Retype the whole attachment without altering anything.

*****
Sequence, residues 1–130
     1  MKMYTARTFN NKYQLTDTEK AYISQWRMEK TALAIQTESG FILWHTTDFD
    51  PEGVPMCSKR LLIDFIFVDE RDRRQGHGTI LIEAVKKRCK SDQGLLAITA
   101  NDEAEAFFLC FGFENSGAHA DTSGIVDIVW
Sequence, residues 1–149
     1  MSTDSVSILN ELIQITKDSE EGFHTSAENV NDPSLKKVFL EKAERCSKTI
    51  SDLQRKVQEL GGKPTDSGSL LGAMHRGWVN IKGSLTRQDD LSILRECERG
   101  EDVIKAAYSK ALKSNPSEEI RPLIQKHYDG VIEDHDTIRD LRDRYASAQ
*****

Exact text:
Sequence, residues 1–130
     1  MKMYTARTFN NKYQLTDTEK AYISQWRMEK TALAIQTESG FILWHTTDFD
    51  PEGVPMCSKR LLIDFIFVDE RDRRQGHGTI LIEAVKKRCK SDQGLLAITA
   101  NDEAEAFFLC FGFENSGAHA DTSGIVDIVW
Sequence, residues 1–149
     1  MSTDSVSILN ELIQITKDSE EGFHTSAENV NDPSLKKVFL EKAERCSKTI
    51  SDLQRKVQEL GGKPTDSGSL LGAMHRGWVN IKGSLTRQDD LSILRECERG
   101  EDVIKAAYSK ALKSNPSEEI RPLIQKHYDG VIEDHDTIRD LRDRYASAQ